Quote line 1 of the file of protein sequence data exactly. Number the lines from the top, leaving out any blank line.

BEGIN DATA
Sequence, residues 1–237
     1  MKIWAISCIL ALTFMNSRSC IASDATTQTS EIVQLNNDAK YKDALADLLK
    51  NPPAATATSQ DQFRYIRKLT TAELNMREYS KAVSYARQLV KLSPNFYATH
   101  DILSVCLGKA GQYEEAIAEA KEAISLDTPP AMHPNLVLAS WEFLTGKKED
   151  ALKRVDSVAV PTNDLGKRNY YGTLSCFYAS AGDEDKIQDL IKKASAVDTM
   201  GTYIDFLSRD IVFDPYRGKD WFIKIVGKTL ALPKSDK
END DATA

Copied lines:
Sequence, residues 1–237